Hyperfixation Could Be The Cure To Your Anxiety


I have always considered myself obsessive because I can never do anything halfway. I am either going to binge-watch three seasons of a show over the course of a weekend or I am never going to find the time to watch the show. I am either going to read a book in one night or I am going to leave it sitting on my shelf to gather dust for years to come.

It’s that way with everything in my life. I am one extreme or the other. I can never find a middle ground.

I can listen to the same album on repeat for weeks without growing bored of the songs. I can eat the same snack for months without growing to hate the taste. I can watch the same YouTube videos day after day, until I learn all of the words.

It turns out my behavior is called hyperfixation and it can actually be a good thing. It could actually be the cure to my anxiety.

Whenever my brain goes into overdrive, worrying about what is going to happen tomorrow and whether I am going to make a complete fool out of myself, focusing on something outside of reality can help.

It’s better for me to watch Shameless and worry about what is going to happen to Lip in the next episode (even if I have already seen the next episode five times) than let myself worry about what is going to happen to me.

When my thoughts are centered on a fictional character who has much worse problems than I will ever have, it makes my own issues seem small. Or, at the very least, it makes me forget about my issues for thirty minutes to an hour. It gives me a break from the anxiety that never seems to leave me alone.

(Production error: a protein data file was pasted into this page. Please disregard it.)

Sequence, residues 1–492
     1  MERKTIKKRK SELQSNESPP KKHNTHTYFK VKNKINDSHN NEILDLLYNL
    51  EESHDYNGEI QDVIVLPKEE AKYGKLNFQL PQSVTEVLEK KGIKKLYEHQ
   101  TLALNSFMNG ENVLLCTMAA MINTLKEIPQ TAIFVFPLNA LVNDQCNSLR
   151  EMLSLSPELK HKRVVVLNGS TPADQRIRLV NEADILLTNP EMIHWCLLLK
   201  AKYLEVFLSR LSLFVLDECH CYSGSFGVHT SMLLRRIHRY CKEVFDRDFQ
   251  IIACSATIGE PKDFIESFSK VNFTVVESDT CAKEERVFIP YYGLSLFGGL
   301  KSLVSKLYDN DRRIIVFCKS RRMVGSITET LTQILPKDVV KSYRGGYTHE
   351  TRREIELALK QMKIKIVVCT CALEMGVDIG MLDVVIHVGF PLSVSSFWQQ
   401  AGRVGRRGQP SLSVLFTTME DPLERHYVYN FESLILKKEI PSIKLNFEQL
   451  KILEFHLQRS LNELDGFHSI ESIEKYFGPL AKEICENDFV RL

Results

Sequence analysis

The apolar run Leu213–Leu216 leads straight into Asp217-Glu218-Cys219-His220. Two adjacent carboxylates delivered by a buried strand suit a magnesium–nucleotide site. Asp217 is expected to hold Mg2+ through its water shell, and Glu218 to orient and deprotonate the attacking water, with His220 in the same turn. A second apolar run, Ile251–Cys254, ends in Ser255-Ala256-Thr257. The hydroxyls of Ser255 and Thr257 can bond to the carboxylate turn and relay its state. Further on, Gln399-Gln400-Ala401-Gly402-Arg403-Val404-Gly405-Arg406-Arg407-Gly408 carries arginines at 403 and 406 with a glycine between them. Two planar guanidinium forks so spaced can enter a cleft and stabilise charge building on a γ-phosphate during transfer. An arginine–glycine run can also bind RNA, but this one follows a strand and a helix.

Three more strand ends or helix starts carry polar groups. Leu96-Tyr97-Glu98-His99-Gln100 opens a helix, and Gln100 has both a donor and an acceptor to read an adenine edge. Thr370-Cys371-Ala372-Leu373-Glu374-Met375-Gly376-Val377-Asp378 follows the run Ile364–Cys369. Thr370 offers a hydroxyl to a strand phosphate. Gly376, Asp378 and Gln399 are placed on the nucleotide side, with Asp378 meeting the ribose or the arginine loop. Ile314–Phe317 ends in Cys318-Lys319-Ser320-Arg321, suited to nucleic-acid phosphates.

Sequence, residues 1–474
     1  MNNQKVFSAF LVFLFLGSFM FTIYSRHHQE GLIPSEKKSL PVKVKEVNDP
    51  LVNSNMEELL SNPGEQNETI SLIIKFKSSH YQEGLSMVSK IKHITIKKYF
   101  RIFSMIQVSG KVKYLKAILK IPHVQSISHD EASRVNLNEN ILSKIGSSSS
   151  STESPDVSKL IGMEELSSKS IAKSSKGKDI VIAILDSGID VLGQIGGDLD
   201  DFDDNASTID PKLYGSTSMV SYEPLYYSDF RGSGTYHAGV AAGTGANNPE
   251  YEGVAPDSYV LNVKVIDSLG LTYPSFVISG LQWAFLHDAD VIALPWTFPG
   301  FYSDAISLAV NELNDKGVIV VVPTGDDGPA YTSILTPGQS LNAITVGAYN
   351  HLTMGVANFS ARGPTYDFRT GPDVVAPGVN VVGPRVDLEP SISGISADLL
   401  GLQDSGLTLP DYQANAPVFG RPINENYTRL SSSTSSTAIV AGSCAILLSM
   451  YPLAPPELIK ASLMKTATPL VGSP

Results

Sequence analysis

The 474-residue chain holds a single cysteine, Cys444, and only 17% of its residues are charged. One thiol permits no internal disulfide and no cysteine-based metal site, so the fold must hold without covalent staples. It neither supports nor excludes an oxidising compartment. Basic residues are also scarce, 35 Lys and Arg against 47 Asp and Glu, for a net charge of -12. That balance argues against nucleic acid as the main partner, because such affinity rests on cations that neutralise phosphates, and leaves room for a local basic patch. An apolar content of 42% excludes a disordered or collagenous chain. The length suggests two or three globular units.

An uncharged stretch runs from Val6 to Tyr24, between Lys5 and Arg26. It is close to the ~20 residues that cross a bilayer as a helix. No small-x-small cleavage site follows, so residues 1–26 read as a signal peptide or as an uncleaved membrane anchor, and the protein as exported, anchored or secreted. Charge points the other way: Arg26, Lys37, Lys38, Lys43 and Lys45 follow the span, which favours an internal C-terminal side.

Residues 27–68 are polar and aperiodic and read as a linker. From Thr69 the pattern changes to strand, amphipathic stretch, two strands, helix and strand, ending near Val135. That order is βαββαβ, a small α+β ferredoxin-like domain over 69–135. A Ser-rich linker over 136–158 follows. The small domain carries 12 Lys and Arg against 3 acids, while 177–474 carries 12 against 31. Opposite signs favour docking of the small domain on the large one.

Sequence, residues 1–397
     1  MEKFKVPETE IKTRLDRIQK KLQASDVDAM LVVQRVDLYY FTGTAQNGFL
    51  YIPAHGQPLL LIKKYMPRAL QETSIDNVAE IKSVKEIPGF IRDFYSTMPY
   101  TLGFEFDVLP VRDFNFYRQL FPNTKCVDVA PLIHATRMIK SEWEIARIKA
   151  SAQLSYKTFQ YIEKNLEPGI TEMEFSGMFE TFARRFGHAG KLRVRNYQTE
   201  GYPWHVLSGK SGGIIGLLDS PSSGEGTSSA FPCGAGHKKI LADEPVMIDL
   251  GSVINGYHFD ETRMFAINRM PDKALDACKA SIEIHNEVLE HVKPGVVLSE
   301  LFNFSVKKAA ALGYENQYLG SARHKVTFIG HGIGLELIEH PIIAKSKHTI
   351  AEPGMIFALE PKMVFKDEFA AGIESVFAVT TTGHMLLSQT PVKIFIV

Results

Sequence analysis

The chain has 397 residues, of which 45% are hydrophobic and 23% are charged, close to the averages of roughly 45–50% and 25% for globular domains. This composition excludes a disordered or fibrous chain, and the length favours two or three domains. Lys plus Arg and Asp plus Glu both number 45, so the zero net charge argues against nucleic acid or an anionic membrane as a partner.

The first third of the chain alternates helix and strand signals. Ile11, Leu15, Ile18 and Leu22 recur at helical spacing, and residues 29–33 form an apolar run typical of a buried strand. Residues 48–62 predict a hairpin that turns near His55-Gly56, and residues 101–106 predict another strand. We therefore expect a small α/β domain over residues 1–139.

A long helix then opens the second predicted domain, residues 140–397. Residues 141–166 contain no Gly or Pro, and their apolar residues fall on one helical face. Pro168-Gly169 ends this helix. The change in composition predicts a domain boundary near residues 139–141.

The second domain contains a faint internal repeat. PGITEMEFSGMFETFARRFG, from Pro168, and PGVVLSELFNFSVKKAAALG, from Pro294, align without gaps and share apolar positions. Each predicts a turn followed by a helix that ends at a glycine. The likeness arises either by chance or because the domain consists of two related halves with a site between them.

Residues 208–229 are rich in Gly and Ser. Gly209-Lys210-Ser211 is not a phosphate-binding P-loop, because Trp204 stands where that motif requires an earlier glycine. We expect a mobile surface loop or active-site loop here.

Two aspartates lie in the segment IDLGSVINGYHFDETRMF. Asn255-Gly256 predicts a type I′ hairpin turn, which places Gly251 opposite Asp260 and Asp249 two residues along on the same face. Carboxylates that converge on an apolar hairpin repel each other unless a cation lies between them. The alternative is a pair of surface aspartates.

I used to hate myself for hiding in my room and using Netflix or my Kindle or my iPod as a distraction from my sad excuse for a social life, but hyperfixating on the things I love has eased my stress. It has given me the chance to slow down, take a breath, and enjoy the moment for the first time in my life.

Some people use deep breathing exercises to calm down. Some people exercise to calm down. The thing that happens to work for me involves getting lost in a fictional world — and that is okay.

Getting lost in music and movies has reminded me there are things bigger than myself. It has reminded me there is always something to live for, always something to be excited about, even if it’s something as small as finding out what happens in the next season of a show.

If something makes me happy, then I am allowed to keep returning to it. I am allowed to watch the same movie for the third time. I am allowed to play the same songs on repeat. My binge-watching, my binge-reading, and my binge-listening are not hurting anyone. It is only helping.

It’s giving me a break from my anxiety. It’s giving me a chance to relax. It’s giving me the opportunity to feel okay again, even if it’s only for a little while.